The potent partnership of Murray-Lendl

With the Australian Open just a hop, skip and a jump away, here are five men's storylines to watch:

Can anyone derail defending champion Novak Djokovic?

He opened 2011 winning seven consecutive titles, residing in the rare air of a perfect 41-0 start. Novak Djokovic figures to be fueled by high-octane confidence as he launches his flight toward a fourth consecutive major championship. If you're concerned about his lack of recent match play, remember Djokovic did not play a grass-court match before winning Wimbledon for the first time last July and was commanding in dismissing Roger Federer and David Ferrer to win the Abu Dhabi exo. Producing an improbable run last season infuses Djokovic with the feeling that nothing is impossible this season.

"My success gives me a reason to believe that I can win again. Why not?" Djokovic said. "It doesn't make any sense to be anything other than optimistic." The top seed has won the Australian Open in two of his last four appearances Down Under, he's elevated his level of play in majors and if he can avoid a turbulent take off at the start of the event, Djokovic is a strong favorite to play on the final weekend in Melbourne.

Will new coach Ivan Lendl help Andy Murray win a major?

If these two stubborn personalities can combine their substantial strengths, Murray can win multiple majors. Eight-time Grand Slam champion Lendl lost his first four major finals, and if he can coax the sometime cranky counterpuncher to assert himself offensively rather than bob and weave at crunch time, hit his forehand with greater ambition and play with purpose and positive emotion instead of punching his racket face and railing at himself and his box for real or imagined injuries, the fourth-ranked Scot has the skills to end Britain's Slam drought.

Can Roger Federer carry his fall rise into Melbourne?

He's two years removed from his last major at the 2010 Australian Open, and he hasn't beaten Rafael Nadal in a major since the 2007 Wimbledon. He's also lost four of his past five matches to Djokovic and conceded just the second injury withdrawal of his career in Doha last week because of back spasms, so why is 30-year-old Roger Federer still a threat Down Under?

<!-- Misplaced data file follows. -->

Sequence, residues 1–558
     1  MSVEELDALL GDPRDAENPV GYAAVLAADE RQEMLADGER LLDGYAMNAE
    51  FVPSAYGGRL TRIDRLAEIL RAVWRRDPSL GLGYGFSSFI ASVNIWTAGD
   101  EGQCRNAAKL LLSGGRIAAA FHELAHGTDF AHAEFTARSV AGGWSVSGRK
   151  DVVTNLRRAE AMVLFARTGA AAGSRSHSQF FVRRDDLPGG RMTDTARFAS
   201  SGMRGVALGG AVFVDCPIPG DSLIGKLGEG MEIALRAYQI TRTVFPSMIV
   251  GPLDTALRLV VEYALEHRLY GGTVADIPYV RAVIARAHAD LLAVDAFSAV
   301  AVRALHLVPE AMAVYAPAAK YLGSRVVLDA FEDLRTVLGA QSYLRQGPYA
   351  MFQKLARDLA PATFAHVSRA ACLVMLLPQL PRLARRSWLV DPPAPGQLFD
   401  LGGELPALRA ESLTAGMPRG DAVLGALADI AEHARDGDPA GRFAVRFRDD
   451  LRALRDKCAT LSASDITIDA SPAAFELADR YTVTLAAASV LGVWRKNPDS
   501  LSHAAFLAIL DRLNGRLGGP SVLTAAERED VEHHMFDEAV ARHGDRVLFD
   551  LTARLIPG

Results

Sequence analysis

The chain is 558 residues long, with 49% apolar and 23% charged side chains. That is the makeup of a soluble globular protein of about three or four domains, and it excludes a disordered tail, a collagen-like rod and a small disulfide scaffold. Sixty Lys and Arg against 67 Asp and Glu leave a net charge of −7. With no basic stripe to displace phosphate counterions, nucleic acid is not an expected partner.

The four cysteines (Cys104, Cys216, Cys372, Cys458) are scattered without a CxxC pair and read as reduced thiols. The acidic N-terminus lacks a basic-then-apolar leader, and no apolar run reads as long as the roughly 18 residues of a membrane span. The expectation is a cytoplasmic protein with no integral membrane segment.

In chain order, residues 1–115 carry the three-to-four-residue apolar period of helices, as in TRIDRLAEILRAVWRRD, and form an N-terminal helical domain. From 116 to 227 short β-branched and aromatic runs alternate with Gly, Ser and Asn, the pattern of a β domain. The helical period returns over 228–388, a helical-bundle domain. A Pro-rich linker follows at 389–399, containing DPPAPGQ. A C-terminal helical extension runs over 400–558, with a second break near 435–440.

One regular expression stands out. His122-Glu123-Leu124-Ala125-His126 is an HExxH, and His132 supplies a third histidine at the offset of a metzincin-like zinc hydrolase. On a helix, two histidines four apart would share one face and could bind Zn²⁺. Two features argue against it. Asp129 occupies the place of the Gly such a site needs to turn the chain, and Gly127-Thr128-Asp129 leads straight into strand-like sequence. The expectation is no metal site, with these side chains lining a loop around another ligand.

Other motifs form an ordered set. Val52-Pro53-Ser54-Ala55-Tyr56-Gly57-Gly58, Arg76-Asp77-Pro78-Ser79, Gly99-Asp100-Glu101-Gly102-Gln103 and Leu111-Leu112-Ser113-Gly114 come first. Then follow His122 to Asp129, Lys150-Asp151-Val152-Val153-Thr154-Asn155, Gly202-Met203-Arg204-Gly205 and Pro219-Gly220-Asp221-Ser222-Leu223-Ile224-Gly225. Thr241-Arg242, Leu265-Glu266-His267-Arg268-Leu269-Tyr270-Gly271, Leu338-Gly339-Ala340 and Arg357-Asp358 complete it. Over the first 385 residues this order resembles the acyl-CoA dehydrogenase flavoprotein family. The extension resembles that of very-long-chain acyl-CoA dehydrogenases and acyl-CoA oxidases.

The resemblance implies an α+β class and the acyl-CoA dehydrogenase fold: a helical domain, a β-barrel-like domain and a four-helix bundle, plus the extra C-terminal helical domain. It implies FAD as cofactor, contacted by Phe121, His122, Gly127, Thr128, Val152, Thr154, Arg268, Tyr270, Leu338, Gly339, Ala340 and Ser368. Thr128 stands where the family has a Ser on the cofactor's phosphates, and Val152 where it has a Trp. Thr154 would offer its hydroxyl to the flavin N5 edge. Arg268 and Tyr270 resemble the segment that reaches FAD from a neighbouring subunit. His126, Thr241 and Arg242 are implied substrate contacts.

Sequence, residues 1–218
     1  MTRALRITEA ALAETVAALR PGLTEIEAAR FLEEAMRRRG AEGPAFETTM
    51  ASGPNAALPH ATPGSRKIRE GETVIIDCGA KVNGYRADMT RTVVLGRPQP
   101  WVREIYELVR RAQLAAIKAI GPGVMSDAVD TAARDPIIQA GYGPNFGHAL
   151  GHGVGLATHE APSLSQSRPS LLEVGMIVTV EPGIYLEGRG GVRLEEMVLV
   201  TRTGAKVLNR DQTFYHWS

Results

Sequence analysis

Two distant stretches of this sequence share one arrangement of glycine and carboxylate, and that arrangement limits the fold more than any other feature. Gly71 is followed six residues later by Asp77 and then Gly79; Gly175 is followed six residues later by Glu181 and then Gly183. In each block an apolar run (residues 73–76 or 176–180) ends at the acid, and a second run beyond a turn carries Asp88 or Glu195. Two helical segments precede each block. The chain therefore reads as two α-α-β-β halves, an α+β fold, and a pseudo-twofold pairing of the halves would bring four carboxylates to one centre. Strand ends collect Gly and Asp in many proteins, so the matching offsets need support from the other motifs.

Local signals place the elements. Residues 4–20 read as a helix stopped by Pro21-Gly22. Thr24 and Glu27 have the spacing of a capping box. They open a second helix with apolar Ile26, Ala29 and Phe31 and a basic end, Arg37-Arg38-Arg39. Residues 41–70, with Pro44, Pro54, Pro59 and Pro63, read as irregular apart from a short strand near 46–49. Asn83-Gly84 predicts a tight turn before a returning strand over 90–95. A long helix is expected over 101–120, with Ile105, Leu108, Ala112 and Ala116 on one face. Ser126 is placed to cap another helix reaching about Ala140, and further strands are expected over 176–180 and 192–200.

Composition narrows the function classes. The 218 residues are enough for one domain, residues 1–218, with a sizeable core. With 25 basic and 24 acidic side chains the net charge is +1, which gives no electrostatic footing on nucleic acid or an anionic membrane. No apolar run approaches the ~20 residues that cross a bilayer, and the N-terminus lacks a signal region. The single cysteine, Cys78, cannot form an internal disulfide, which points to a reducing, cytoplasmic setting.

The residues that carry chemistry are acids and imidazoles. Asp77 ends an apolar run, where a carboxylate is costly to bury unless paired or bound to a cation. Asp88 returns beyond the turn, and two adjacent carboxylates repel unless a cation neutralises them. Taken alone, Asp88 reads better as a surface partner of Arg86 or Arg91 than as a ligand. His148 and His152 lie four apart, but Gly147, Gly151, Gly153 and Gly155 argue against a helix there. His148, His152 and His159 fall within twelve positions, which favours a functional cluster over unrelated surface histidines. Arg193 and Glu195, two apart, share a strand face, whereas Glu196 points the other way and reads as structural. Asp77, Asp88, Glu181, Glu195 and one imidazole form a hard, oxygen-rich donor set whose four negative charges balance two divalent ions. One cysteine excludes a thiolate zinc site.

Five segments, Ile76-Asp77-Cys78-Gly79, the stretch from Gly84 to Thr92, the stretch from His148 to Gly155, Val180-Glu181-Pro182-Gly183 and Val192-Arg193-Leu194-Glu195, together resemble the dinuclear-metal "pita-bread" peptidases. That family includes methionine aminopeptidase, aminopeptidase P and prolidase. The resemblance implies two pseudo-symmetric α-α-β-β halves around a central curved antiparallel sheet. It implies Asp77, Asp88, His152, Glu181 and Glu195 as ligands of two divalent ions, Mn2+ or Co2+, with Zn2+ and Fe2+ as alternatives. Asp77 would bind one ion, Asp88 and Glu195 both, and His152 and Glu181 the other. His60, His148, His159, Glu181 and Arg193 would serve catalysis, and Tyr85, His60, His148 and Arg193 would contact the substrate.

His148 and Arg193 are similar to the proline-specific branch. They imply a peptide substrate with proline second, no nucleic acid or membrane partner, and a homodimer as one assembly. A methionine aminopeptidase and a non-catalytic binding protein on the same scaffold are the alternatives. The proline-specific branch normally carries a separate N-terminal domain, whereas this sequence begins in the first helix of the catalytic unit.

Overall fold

Federer has been a finalist in four of his past six appearances in Melbourne; he soared to a 17-match winning streak sweeping three consecutive titles to close the 2011 season and looks to be both fit and eager at the start of this Olympic year. Federer's autumn surge came indoors, where his attacking game is suited to the faster surface. Oz offers a slower surface (even if the roof is closed for matches), but Federer still possesses the most potent serve of the top four. If he's serving well and actively moving forward in the court, he will be a threat. His first-week approach will be interesting: Federer has talked about applying his all-court acumen by playing more attacking tennis but needs to practice it in the first week against lesser-ranked opponents if he's serious about effectively employing his net game at the money-end stages of majors.

How will offseason changes play out in Melbourne?

Aiming to add more sting to his serve, Rafael Nadal has added about three grams of weight to his Babolat AeroPro Drive racket, making it more head heavy. Tweaking weight and balance may help Nadal in the long run, though getting his toss out in front of him more and getting more of his body weight behind the ball, as he did when he served so well winning the 2010 U.S. Open, may well be more important factors to increasing power on serve.

Stanislas Wawrinka and Australian Bernard Tomic are both making more substantial equipment changes having switched from Head rackets to the more rectangular-shaped Yonex sticks. The change comes a year after Caroline Wozniacki switched from Babolat to Yonex. Djokovic changed from Wilson to Head prior to the start of the 2009 season and experienced early struggles before producing the best year of his career with Head in 2011, illustrating the fact even the best players sometimes need time to adjust to new equipment.

Who are the dark horses outside the top 10?

Because it begins weeks into the New Year, the Australian Open has seen its share of surprise champions (Petr Korda and Thomas Johannson) and first-time major finalists (Marcos Baghdatis, Fernando Gonzalez, Rainer Schuettler and Arnaud Clement) in recent years.

Our non top-10 dark horse picks include:

(11) Juan Martin del Potro: In the 2009 Melbourne quarters, Federer flogged a disinterested Del Po, 6-3, 6-0, 6-0 in a thrashing that was a turning point in the Argentine's career. Del Potro is one of the year players who can impose his game off both serve and return and is not intimidated by the top four.

(18) Richard Gasquet: If he can assert his all-court skills, the 25-year-old Frenchman owns the game for a second-week run and made his ambition clear by announcing his intent to return to the top 10 this season.

(25) Milos Raonic: Pounding his wrecking ball serve, the powerful Canadian cracked 35 aces in the final to win his second career title in Chennai. Raonic is the first man to win an ATP title without surrendering serve since Federer at the 2008 Halle and will be downright oppressive in Melbourne if he's landing his devastating serve.